Nevernight by Jay Kristoff

Nevernight (The Nevernight Chronicle, #1)

Title: Nevernight
Author: Jay Kristoff
Series: The Nevernight Chronicles #1
Publication: 9th August 2016 by Thomas Dunne Books
Genre: Fantasy

My Thoughts (2)

(Goodreads)

In a land where three suns almost never set, a fledgling killer joins a school of assassins, seeking vengeance against the powers who destroyed her family.

Daughter of an executed traitor, Mia Corvere is barely able to escape her father’s failed rebellion with her life. Alone and friendless, she hides in a city built from the bones of a dead god, hunted by the Senate and her father’s former comrades. But her gift for speaking with the shadows leads her to the door of a retired killer, and a future she never imagined.

Now, Mia is apprenticed to the deadliest flock of assassins in the entire Republic—the Red Church. If she bests her fellow students in contests of steel, poison and the subtle arts, she’ll be inducted among the Blades of the Lady of Blessed Murder, and one step closer to the vengeance she desires. But a killer is loose within the Church’s halls, the bloody secrets of Mia’s past return to haunt her, and a plot to bring down the entire congregation is unfolding in the shadows she so loves.

Will she even survive to initiation, let alone have her revenge?

My Thoughts

I received this book in my Illumicrate box last year and loved the look of it. I tried picking it up a couple of times but was never really in the mood for it and this is definitely a book you need to be in the mood for reading. It is very slow to get into, and throws a lot of information at you, but after about 30% (if you can make it that far) it really gets going.

The book flicks between the past and present. This means you are completely lost for the first few chapters but hold in there. It slowly builds up, giving you Mia’s back story and motivation. Once we actually get to the place where she begins training to be an assassin, things begin to get a lot clearer and interesting.

After the initial third of the book, things become a lot more fast pace.* We get violence, lots of death, sex and swearing. After all, they are training to be assassins. I loved that they’re not just trained in fighting, but also in poisons and seduction.

It was a solid first book and I’m looking forward to seeing where it goes in the next book (it’s on my shelf ready and waiting). I ended up giving it a 3.5, but rounded up to 4 because of the painfully slow beginning.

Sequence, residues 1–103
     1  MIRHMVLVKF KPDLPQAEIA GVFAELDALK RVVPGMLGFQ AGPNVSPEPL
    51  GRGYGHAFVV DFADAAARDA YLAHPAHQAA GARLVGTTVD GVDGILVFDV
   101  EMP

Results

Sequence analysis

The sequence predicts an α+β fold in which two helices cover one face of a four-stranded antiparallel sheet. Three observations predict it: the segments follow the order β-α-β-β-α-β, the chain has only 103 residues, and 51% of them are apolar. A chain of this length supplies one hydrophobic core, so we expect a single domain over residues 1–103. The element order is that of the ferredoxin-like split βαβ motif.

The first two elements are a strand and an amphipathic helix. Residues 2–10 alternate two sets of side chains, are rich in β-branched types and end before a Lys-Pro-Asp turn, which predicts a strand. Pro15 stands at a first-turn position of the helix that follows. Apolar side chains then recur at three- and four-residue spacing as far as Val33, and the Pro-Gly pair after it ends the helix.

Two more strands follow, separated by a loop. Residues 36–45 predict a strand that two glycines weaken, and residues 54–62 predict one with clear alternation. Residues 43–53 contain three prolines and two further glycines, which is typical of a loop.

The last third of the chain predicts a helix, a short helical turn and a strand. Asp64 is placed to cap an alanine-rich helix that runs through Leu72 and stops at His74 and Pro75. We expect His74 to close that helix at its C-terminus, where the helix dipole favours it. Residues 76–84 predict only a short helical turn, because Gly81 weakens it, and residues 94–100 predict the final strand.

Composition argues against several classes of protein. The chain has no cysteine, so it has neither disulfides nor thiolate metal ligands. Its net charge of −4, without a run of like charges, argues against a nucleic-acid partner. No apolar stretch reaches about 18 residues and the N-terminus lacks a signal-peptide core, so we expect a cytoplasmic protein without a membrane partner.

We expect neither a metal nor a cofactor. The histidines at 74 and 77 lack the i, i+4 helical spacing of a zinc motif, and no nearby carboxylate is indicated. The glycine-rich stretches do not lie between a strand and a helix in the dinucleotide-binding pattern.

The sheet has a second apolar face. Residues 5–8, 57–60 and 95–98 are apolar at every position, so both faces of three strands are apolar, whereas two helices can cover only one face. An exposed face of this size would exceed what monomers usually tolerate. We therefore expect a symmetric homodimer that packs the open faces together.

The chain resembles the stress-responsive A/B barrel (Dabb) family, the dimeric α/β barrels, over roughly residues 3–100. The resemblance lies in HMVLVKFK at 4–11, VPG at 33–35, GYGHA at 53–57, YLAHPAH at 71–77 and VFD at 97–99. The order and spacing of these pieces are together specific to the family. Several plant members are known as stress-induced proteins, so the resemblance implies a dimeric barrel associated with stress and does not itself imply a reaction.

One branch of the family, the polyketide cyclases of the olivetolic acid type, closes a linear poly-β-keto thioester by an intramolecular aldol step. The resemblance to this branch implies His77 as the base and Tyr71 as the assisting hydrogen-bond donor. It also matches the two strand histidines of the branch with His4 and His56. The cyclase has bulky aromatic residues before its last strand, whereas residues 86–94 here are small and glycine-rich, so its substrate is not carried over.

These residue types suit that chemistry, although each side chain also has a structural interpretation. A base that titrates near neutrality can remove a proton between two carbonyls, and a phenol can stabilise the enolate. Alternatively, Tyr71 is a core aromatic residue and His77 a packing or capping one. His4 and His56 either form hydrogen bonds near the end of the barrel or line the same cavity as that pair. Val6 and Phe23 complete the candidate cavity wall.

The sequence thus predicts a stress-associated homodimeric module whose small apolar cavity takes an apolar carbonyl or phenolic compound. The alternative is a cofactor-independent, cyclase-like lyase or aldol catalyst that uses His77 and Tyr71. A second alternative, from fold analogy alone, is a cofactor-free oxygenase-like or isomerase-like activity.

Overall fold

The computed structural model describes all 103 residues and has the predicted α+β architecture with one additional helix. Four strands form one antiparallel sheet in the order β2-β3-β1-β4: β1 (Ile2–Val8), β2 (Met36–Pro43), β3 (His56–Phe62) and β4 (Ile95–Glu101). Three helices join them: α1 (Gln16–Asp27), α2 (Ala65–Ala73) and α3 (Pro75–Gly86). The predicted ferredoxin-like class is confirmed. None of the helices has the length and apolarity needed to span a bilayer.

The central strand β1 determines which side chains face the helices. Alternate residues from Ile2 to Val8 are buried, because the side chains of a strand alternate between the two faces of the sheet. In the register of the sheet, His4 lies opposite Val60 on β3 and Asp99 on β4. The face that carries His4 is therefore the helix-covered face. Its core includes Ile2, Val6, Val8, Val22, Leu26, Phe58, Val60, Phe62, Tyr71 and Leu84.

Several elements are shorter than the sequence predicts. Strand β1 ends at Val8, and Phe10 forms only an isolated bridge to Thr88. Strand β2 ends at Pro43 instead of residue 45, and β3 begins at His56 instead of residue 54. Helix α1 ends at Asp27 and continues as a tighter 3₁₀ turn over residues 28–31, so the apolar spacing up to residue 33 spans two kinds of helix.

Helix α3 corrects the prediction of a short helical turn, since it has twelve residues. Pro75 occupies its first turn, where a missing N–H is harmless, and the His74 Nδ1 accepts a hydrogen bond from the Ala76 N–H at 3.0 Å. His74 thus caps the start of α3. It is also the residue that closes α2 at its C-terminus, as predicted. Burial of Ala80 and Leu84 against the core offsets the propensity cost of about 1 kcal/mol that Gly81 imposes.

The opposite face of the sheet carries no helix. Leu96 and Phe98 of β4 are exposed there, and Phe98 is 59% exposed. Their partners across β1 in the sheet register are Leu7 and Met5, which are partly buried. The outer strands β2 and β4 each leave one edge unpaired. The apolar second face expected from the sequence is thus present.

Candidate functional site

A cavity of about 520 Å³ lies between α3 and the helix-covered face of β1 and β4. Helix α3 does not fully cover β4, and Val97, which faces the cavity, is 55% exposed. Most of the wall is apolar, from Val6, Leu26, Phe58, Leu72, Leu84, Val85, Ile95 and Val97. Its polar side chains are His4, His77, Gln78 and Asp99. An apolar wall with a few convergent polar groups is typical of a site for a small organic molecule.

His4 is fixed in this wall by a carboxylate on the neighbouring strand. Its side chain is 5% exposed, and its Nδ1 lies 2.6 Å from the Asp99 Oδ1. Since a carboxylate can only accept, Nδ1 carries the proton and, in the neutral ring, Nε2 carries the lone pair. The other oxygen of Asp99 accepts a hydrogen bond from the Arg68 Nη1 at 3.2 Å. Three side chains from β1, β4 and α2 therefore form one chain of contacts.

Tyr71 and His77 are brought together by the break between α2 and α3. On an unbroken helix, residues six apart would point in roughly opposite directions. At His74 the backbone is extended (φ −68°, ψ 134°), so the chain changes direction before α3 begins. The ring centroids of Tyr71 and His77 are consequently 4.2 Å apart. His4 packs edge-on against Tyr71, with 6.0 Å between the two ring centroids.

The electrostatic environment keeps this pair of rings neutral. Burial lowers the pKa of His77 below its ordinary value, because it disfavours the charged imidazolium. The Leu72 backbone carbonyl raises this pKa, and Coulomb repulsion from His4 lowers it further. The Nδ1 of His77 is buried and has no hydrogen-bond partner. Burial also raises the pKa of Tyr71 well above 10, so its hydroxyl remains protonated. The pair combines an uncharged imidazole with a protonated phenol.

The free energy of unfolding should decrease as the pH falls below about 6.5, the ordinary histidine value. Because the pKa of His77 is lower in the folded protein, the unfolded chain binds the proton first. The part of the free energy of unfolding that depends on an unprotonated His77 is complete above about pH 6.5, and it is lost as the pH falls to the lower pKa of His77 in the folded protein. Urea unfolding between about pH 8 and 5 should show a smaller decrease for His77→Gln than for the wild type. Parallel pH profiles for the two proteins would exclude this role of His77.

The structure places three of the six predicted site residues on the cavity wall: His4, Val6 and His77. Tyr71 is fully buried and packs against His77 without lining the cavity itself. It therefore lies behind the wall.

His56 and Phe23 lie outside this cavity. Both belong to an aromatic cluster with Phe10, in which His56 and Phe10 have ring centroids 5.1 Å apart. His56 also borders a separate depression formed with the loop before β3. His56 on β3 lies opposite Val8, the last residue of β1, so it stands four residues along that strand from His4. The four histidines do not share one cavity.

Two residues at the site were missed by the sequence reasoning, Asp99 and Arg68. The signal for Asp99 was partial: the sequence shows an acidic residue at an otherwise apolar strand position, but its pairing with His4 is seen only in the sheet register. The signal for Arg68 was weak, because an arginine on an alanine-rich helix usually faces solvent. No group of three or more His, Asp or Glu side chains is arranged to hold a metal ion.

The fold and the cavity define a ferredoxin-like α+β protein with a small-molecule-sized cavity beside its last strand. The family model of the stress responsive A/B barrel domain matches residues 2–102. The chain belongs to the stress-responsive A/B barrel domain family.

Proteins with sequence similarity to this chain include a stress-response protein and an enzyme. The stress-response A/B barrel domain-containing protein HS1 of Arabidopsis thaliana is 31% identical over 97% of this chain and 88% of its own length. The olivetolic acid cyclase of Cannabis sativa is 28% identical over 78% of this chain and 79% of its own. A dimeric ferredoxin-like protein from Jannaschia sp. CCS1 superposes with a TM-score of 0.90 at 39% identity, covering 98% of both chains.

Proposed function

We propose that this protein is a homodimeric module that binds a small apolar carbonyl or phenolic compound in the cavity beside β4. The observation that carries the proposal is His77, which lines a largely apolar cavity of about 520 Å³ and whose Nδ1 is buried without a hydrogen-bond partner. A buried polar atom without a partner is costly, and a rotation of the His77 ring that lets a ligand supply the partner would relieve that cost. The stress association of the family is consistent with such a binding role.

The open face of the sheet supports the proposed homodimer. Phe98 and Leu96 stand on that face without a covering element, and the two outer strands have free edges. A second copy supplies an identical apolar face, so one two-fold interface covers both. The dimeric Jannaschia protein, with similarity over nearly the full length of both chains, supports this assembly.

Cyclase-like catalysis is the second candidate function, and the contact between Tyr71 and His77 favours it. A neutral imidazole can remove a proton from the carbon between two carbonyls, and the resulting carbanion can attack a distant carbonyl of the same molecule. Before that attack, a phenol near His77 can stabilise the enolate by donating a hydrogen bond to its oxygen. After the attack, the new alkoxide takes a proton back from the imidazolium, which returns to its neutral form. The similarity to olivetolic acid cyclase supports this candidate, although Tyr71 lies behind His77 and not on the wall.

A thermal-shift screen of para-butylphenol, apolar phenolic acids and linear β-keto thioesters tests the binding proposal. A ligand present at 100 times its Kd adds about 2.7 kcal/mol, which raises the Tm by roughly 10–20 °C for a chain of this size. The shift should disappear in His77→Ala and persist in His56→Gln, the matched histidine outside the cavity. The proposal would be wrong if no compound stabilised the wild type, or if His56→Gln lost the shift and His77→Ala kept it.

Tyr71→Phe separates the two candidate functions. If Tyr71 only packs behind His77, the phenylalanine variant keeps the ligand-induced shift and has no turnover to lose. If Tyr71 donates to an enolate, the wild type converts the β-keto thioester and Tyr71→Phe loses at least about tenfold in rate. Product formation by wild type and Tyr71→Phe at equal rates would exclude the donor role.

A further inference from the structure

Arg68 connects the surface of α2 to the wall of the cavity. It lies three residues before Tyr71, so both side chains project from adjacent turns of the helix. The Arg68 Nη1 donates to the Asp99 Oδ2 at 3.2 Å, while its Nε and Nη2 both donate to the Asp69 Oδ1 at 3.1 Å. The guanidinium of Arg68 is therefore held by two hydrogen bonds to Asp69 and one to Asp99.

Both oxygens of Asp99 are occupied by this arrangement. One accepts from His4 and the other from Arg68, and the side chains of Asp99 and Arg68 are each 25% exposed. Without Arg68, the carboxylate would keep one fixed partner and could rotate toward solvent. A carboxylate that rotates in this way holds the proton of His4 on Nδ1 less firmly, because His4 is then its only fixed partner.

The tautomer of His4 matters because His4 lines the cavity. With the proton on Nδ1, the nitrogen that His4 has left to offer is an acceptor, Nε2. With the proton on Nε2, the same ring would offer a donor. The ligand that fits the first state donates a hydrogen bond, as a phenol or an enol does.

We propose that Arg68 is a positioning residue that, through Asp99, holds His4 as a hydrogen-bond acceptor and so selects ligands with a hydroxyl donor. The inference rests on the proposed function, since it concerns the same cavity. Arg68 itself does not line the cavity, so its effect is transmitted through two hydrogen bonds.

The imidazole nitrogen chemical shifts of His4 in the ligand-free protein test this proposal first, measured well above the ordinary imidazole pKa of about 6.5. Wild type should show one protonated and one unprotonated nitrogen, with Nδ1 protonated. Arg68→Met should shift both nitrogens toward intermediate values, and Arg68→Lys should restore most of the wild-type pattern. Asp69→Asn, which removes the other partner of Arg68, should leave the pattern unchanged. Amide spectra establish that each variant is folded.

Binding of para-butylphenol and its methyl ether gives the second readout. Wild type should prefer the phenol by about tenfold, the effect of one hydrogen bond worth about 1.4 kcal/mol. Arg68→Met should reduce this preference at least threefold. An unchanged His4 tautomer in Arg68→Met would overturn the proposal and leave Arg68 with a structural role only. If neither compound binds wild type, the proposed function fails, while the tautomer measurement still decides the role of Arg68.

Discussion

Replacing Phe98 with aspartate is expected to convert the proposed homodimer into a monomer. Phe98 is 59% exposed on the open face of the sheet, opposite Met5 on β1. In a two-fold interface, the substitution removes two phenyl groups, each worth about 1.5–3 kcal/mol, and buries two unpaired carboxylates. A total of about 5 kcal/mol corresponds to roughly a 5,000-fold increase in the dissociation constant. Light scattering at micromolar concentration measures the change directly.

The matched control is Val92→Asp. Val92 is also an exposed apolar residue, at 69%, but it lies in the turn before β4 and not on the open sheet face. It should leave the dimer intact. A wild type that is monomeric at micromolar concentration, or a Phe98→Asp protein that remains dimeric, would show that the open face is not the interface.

*especially if you skip all those annoying footnotes.

My Thoughts (1)

4-stars

 

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Since You’ve Been Gone by Mary Jennifer Payne

“My life will seem secure for a while, but if you watch long enough, it eventually shifts, just like those plates, and everything I’m used to changes again. The frustrating thing is that each time my life changes, I leave little pieces of myself behind.”

Since You've Been Gone

Rating: 3.5/5

For the past five years, Edie Fraser and her mum have been on the run, trying to escape her abusive rather. This time, things have gone from bad to worse. Not only is she in a new school, but she’s in a new country, her mother has been missing for days and she has no one to talk to without ending up in care.

This was a very short YA book, which was a nice, easy read. However, this meant that although the main story was good, there were lots of little details and minor characters that I would have liked to be explored further.

The book completely sucks you in, it’s fast paced and interesting; I managed to complete it in one sitting. I found Edie was a very likeable character,she was strong and sure minded. She was certain that she would find her mother, without the help of the police in case she ended up in care, or them contacting her father.

The book deals with many large issue that teenagers face in today’s society – bullying, racism, violence, isolation. However, as it was a short story, some of these issues and the characters they surrounds weren’t explored enough to give them justice, especially Precious and her home life and Jermaine and his childhood trauma. Additionally, the romance element was almost thrown on top as if it was as “must have” of a YA book, leaving me finding it rushed, unbelievable and unnecessary.

A hooking book, which will be quickly read and leave you wanting more details.

*Thanks to NetGallery for providing me with a ARC in return for an honest review*

The High Druid’s Blade by Terry Brooks

The High Druid's Blade (The Defenders of Shannara, #1)

Rating: 3.5/5